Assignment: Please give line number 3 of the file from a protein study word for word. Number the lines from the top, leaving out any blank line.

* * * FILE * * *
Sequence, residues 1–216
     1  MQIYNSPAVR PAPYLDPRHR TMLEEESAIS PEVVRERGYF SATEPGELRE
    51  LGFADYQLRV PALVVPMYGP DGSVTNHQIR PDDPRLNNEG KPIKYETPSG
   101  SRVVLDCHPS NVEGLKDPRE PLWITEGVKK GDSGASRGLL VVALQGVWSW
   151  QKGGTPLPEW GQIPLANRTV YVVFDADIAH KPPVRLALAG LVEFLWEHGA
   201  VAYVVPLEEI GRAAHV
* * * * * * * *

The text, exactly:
    51  LGFADYQLRV PALVVPMYGP DGSVTNHQIR PDDPRLNNEG KPIKYETPSG